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Stepping Stones – Full Report

Stepping Stones – Short Report

What is a community Benefit Society

How to Set Up a Community Benefit Society

Community Energy State of the Sector Report 2022. The annual Community Energy State of the Sector survey and report has provided insight into the UK community energy sector since 2017. This report focuses on progress made in 2021, describes how and why the sector is changing, highlights its potential, and provides a strong evidence base to encourage policy-makers and other stakeholders to create a more supportive policy landscape for community energy at local, regional and national level.

Here is a link to the Centre for Sustainable Energy’s Resources page.
They are an independent national charity, that shares our knowledge and experience to help people change the way they think and act on energy.

Their reports and other publications are available to download

This is a new report published by Nottingham University’s Energy Institute.   The report sets out the scope of it’s research across a broad range of disciplines and provides details of various energy initiatives, expertise and contact details:

Ethical Sources of PV Panels: This article has been written by John Halle, Acting Big Solar Co-op CEO. Posted as two blogs on the Big Solar Co-op website, January 2023 and June 2023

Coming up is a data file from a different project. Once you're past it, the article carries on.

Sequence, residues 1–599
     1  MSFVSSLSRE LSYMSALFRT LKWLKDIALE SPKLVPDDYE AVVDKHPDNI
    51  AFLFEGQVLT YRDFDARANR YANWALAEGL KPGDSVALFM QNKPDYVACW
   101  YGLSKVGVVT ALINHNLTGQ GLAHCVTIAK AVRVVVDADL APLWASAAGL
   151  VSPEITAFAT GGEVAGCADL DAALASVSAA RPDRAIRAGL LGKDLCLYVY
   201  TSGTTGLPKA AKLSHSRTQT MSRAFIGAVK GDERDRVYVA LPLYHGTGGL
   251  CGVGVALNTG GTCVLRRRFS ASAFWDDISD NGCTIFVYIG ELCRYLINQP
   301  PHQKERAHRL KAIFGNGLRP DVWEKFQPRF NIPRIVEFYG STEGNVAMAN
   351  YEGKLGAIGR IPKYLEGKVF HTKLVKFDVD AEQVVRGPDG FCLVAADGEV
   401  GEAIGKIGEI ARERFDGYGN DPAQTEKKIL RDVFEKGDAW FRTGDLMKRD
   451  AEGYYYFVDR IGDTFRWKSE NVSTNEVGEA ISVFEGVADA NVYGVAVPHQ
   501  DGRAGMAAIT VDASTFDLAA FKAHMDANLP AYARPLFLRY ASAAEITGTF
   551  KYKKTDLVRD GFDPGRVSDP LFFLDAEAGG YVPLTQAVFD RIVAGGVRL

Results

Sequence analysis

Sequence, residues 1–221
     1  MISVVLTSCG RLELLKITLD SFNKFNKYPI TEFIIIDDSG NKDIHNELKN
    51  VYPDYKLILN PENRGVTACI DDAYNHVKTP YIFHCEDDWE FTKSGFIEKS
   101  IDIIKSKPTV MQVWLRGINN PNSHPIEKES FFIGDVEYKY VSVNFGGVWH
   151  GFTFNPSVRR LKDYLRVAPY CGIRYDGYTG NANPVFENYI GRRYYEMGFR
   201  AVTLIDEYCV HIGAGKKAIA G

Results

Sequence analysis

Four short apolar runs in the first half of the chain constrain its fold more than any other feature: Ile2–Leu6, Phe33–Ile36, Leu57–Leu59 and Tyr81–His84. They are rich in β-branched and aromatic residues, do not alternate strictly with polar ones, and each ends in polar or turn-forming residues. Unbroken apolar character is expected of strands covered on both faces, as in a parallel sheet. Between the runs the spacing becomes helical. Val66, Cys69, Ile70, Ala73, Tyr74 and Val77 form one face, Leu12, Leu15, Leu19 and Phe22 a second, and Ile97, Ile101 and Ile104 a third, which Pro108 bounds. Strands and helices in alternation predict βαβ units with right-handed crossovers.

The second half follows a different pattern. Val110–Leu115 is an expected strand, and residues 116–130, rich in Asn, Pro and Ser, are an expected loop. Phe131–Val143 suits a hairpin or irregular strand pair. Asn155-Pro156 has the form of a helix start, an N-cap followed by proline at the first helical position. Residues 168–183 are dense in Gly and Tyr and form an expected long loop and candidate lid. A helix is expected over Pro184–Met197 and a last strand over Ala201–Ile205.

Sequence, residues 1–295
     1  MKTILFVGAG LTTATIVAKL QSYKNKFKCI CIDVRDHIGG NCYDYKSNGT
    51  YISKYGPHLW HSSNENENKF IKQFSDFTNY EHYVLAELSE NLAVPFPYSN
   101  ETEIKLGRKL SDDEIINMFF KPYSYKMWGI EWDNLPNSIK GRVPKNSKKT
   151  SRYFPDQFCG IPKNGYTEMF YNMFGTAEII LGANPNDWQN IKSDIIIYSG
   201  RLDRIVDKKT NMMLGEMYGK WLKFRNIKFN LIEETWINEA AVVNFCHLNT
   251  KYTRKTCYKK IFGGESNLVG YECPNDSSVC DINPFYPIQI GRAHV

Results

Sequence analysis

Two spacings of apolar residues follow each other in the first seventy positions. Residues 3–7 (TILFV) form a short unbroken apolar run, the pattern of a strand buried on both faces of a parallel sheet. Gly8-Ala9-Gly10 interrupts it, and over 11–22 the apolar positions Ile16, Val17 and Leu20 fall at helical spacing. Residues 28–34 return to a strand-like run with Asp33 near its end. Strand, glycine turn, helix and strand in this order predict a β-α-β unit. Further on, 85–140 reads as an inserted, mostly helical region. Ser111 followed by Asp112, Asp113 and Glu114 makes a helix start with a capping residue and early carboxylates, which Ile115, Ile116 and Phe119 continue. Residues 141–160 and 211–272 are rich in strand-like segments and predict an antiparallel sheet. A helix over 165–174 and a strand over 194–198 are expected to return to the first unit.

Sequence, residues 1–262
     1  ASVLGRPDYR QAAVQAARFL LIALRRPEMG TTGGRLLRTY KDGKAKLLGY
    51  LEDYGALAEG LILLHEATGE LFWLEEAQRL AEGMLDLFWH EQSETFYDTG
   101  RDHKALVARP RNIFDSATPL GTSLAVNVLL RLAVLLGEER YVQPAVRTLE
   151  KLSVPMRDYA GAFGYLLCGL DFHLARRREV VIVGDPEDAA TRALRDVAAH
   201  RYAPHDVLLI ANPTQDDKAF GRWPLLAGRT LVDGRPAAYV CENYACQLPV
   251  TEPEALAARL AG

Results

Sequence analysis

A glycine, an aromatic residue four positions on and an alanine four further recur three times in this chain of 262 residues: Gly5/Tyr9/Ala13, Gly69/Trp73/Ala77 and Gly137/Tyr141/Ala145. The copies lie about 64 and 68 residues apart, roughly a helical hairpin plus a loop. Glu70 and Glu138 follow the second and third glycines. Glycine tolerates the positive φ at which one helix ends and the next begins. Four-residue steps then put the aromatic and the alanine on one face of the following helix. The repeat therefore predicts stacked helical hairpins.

Realizing the Potential of UNESCO World Heritage Sites in the Derwent Valley to Advance the 2030 Agenda

A dissertation written by Manfred Kyenkyehene Osei, University of Nottingham.

This research explores how local communities might play a critical part in securing the long-term future of World Heritage Sites in the Derwent Valley – where the Industrial Revolution has its roots.

Future predictions for climate change in the twenty-first century will have escalating growing impacts on heritage policies and conservation practices, mainly because of the discernible effects of changes that have already been witnessed. The heritage sector in the UK exhibits a lower level of concern about the impact of climate change on heritage sites which slows down efforts to effectively create longer-term mitigation, adaptation and management strategies that consider possible alterations to the factors and mechanisms of degradation at historic sites. This has created doubts on the capacities of  local and regional stakeholders to understand and act on the climate impacts on their outstanding universal value(OUV). And ultimately keep them engaged and informed about their preservation.